First, note that Williams throws in the phrase “skewing the editorial content of their programming” rather breezily. He then preemptively takes issue with NPR’s indignation whenever someone accuses them of doing them just that. Well, NPR needn’t raise itself to the level of indignation here, because Williams doesn’t say anything to support his charge of skewed coverage. He just says that it’s there and moves on. In fact, nowhere in his 900-word piece does Williams pinpoint an instance of skewed editorial content. Instead, like O’Keefe, he keeps his attacks leveled at the organization’s executives and fundraisers while presenting zero evidence that the personal views they might hold affect the material that makes it to air. The piece is a string of featherweight assertions.
Second, Williams never mentions that the controversial and incriminating video that resulted in Vivian Schiller’s resignation was misleadingly edited—something to which you would think he would at least give a nod. Particularly given that the first website to point out the suspicious editing, The Blaze, was founded by one of the folks Williams seems to be defending against Israel’s attack: rodeo clown Glenn Beck.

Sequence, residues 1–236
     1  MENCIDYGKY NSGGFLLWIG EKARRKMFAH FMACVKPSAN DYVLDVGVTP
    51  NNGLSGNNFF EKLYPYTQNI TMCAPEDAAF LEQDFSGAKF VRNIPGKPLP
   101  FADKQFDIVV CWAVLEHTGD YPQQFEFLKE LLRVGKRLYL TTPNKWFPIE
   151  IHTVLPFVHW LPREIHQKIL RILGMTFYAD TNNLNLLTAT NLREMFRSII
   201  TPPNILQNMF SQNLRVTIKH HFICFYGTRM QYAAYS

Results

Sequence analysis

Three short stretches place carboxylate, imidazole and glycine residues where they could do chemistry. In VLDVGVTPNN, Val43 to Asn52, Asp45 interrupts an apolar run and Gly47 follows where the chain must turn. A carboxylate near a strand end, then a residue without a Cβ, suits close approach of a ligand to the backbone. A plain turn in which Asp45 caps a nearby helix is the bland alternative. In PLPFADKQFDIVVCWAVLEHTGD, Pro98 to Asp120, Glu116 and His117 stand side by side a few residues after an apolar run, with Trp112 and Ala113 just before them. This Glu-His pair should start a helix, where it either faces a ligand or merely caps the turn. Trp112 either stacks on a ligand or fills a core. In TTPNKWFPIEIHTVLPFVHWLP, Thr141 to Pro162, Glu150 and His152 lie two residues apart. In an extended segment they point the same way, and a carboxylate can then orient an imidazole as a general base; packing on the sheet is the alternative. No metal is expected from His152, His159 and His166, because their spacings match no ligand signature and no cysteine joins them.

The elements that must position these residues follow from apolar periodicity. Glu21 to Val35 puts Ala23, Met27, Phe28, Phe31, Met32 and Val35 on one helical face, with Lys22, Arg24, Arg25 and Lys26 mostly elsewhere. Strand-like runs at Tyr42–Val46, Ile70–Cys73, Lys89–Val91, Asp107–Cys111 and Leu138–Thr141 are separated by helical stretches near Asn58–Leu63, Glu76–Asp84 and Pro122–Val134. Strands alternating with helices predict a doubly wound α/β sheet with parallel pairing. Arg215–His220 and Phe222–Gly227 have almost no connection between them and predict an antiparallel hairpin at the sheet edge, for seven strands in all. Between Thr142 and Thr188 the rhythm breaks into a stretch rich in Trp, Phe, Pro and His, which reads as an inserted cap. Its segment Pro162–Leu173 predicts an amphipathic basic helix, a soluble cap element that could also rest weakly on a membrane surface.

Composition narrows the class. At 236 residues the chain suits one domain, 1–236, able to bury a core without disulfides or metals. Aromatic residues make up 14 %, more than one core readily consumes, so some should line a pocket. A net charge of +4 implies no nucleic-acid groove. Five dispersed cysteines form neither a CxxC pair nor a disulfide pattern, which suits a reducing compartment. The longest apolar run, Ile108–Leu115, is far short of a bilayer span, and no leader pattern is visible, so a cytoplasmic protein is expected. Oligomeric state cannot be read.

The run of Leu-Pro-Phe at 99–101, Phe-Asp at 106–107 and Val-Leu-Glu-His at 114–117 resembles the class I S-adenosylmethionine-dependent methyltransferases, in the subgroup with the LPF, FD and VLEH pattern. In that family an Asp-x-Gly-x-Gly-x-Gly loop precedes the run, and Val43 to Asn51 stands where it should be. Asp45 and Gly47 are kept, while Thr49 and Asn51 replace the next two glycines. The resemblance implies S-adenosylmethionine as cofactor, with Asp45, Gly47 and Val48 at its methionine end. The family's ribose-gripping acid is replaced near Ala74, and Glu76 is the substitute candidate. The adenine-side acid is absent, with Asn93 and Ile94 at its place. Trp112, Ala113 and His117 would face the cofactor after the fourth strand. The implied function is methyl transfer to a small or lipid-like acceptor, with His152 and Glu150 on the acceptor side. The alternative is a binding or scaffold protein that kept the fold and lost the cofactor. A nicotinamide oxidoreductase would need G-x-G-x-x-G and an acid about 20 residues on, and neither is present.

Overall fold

Of course, there is always room for some Euro-bashing in a column like this, and Williams dutifully raises the specter of the dreaded tax-funded BBC as he draws to a close.
Before NPR top executive Vivian Schiller resigned, her goal for NPR was to increase federal support to create an American version of the British Broadcasting Corporation [BBC]. The BBC, which also began as a radio news service, is funded by a mandatory licensing fee paid by all British subjects. It is essentially a tax set by Parliament every year to support a national news operation.
Again, the problem is with omissions. Vivian Schiller never wanted to recreate the BBC’s business model in the U.S. She did believe in the idea of increased public funding, but knew that the BBC method was not a possibility. Pre-ousting, Schiller wrote in Design Mind (our emphasis): “ I’ve come around to believing pubic funding is an essential and long-standing tradition in this country, even without BBC-style taxes on TV sets—and should be increased.”
Another key omission in this little argumentative detour to the socialist U.K.: those balmy Brits apparently believe their beloved BBC is worth the taxes that they pay for it. A Guardian/IMC poll conducted in 2009 found that 63 percent of Brits think the BBC provides good value for money; and a whopping 77 percent think the BBC is an institution that people should be proud of.
Sounds like something we should all be very afraid of.